I had already processed this image. In order to demonstrate how to make an exposure composition I have moved the exposure slider the left to -0.50 which  under exposes the image and makes the image darker. If I had moved the exposure slider to the right to +0.50 it would make the image lighter and over exposed the image.  

-0.50 exposure Slider

-0.50 exposure Slider

I moved the exposure to the left +0.50 stop to 0 to lighten the image to the exposure I liked best. This is also the exposure that I captured in the Camera. I try to expose and crop the image in the Camera to create the best possible file. My goal as a photographer is to use Photoshop to make a good image better not make a poor image usable. In Photoshop Elements 11 and CS6 you can make adjustments up to 5 stops  plus or minus but I find that if you have over of under exposed the image by more than 2 stops your recovery efforts will brings poor results.  

xposure slider adjustment to 0.00

xposure slider adjustment to 0.00


Merry Christmas

Merry Christmas

Quiet Reflection-Saint Peters, Rome

Quiet Reflection-Saint Peters, Rome

I hope everyone’s Christmas was filled with family and friends and that everyone had some time for Quiet Reflection.


Award Winning Nighttime images of Rome and Pisa without Post Processing

Congratulations to Robert Perry from Cleveland who captured these two night images during the October 2012 Italian Photo workshop. The Lakewood Photographic Society competition was for nighttime photography. Robert had a busy work schedule after returning and entered thes two images as they came out of the camera without any post processing and won a first and third place in his local Camera Clubs competition.

1st place image in nighttime photography.

Roman Forum

Roman Forum

In the digital age where everyone uses software to process images there are a lot of people who think that software can fix any image and make it an award winner, this is seldom the case. Why not capture each image using good composition and proper exposure that can win awards without processing and then if there is time use the software in Photoshop and Nik Software to make them into even better images.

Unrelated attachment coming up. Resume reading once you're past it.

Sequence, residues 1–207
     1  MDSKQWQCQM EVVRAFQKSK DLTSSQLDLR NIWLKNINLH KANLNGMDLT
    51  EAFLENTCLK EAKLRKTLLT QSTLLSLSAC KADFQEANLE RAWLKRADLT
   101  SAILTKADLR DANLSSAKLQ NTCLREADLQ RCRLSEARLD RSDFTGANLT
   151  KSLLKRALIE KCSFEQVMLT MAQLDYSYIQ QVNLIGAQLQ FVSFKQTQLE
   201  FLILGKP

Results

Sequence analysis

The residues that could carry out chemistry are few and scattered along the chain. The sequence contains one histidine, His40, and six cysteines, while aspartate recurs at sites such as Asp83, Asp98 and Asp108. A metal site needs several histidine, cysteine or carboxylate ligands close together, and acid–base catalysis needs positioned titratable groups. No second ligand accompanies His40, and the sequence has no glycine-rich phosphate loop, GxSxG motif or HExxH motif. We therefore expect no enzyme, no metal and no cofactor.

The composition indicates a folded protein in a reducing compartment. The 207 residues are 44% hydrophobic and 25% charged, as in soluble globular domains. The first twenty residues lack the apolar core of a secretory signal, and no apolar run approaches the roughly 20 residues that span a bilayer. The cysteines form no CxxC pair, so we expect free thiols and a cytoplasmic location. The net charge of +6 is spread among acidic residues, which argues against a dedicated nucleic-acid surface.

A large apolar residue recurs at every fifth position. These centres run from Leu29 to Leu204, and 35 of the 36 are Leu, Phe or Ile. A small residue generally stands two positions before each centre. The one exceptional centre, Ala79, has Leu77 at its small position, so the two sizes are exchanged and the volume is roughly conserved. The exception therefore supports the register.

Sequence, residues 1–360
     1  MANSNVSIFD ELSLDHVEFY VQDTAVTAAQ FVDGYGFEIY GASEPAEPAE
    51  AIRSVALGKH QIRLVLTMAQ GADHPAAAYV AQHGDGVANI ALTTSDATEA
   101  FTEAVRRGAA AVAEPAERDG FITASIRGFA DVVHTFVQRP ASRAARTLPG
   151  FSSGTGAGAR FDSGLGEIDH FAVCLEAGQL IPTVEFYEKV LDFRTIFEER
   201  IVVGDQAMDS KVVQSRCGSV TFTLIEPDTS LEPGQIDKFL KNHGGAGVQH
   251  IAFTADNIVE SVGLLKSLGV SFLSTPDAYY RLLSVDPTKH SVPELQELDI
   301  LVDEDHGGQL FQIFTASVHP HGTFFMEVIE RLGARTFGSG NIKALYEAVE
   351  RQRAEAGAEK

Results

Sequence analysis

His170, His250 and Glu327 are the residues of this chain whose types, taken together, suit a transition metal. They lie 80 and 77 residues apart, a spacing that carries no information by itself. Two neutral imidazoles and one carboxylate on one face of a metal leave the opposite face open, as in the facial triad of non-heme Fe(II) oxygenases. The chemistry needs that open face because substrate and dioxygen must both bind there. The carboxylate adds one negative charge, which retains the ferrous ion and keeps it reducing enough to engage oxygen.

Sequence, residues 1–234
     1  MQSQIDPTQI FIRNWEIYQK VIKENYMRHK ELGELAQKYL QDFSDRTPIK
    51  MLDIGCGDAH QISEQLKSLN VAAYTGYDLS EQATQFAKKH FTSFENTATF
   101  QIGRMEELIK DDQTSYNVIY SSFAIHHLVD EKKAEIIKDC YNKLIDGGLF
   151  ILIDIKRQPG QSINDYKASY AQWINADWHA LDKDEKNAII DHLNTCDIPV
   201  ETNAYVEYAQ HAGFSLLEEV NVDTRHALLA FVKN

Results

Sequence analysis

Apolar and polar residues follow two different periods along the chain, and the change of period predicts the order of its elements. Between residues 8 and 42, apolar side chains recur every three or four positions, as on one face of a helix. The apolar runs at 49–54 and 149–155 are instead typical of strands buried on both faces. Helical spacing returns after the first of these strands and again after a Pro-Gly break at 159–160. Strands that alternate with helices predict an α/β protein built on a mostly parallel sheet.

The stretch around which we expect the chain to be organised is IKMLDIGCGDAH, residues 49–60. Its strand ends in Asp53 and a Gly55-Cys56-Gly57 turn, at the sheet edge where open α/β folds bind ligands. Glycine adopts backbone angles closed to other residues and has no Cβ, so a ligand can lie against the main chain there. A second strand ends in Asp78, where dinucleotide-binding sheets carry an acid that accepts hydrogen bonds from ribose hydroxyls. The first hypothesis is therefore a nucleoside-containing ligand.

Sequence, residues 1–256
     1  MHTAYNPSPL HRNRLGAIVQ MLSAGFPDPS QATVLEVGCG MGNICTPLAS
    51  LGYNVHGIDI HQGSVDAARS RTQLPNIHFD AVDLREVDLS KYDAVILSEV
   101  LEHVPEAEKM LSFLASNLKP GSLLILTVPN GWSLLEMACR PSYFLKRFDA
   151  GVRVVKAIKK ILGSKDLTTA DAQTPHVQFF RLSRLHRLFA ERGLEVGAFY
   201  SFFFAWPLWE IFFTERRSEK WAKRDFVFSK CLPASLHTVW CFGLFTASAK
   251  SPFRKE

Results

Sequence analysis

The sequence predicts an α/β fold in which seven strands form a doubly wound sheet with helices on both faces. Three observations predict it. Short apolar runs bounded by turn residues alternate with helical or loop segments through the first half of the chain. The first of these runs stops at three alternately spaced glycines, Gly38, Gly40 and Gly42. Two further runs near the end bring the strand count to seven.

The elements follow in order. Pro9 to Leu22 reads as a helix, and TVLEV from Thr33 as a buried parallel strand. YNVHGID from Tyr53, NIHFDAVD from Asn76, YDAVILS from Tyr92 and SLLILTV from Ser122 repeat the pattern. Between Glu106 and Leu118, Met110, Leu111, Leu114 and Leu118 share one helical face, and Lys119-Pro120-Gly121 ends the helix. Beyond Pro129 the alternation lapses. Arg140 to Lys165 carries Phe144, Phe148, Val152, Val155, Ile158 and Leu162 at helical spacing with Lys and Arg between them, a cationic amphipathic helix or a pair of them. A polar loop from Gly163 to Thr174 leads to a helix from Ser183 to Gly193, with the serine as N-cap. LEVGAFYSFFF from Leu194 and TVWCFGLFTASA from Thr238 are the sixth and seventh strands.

3rd place image in nighttime photography

Leaning Tower – Pisa, Italy

Leaning Tower – Pisa, Italy


Sunset in Chianti Tuscany

 

During the Italian October workshop Janice Maguire a portrait photographer from New Jersey captured this image in Chianti Tuscany just south of Florence. Her composition has the grape vine leading you into the picture with the fence poles, road and rolling vineyards draws your eye across the image to the mist. The clouds and light of this amazing sunset was a gift we all enjoyed capturing

Tuscan Mist at Sunset

Tuscan Mist at Sunset

This image was processed using Film Effects in Nik Software’s Color Efex Pro.

Check out Janice’s portrait work at smug mug.  http://jjm7777.smugmug.com/


Sunset Over Ancient Rome

Faye from Australia who joined me for last Octobers Italian Photographic workshop just emailed this image with an inquire as to where we were when she captured this image.

Saint Peters – Rome, Italy

Saint Peters – Rome, Italy

Each year I take clients to this vantage point which allows us to enjoy the changing light of sunset while capturing Panoramic views of Ancient Rome. This image that Faye sent me shows off the elegance that is Old Rome with wonderful balcony gardens and ancient tiled rooftops. Seeing Saint Peters framed between two of Rome’s other domed churches always takes my breath away.


%d bloggers like this: